Introduction: Delayed aneurysm rupture and delayed intraparenchymal hemorrhages (DIPH) are poorly understood and often fatal complications of flow diversion (FD) for intracranial aneurysms. The purpose of this study was to identify risk factors for these complications. Methods: We performed a systematic review on post-FD delayed aneurysm rupture and DIPH. For each reported case, we collected the following information: aneurysm location, size and rupture status, type of flow diverter used, timing of the hemorrhage, and neurological outcome. We reported descriptive statistics of patients suffering DIPH and delayed aneurysm rupture to determine if there were any characteristics consistently present among patients with these complications. Results: We identified 81 delayed aneurysm ruptures and 101 DIPH. Of the delayed ruptures, 76.6 % (45/58) occurred within 1 month. The prognosis of delayed ruptures was poor, with 81.3 % (61/75) experiencing death or poor neurological outcome. Giant aneurysms accounted for 46.3 % of ruptures (31/67). Of these aneurysms, 80.9 % (55/68) were initially unruptured. Of the delayed ruptured aneurysms, 17.8 % (13/73) had prior or concomitant coiling. DIPHs were ipsilateral to the treated aneurysm in 82.2 % (60/73) of cases. Of the DIPH, 86.0 % (43/50) occurred within 1 month after FDS. Combined morbidity/mortality rate was 68.5 % (50/73) following DIPH. Of DIPHs, 23.0 % (14/61) occurred in patients with giant aneurysms. Conclusions: Our study demonstrates that giant aneurysms represent almost 50 % of delayed aneurysm ruptures in the flow diverter literature. About 20 % of delayed ruptures occurred despite associated coiling. A substantial proportion of DIPHs occur early following FDS treatment of giant aneurysms.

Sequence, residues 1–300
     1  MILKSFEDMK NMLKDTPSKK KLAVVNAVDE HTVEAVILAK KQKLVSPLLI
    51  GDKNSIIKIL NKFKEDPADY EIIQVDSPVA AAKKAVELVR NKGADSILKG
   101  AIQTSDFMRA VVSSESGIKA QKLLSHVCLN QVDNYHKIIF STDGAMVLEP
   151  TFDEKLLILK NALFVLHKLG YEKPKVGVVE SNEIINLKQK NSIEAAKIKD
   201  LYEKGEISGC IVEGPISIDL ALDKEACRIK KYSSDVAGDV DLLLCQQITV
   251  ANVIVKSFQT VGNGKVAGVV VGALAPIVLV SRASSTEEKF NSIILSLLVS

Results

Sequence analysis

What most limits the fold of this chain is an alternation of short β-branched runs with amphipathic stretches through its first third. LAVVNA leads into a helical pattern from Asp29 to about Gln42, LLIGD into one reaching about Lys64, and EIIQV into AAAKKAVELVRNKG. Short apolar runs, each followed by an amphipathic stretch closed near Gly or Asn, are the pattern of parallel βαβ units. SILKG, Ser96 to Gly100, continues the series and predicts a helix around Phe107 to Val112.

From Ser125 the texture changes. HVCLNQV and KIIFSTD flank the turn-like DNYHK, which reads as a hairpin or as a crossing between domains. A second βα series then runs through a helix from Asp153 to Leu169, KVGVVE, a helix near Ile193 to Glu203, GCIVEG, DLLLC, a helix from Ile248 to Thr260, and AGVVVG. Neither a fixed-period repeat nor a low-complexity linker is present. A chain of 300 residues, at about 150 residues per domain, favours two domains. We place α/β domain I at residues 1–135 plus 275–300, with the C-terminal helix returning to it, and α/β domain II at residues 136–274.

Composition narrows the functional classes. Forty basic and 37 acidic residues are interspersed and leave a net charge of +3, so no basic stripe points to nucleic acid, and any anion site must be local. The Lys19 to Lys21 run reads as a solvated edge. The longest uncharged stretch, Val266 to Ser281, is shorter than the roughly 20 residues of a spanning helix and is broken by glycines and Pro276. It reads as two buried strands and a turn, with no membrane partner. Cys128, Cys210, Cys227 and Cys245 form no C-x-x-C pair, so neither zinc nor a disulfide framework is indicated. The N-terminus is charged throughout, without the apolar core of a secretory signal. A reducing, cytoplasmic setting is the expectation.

- Delayed rupture
- Flow diverter
ASJC Scopus subject areas
- Radiology Nuclear Medicine and imaging
- Clinical Neurology
- Cardiology and Cardiovascular Medicine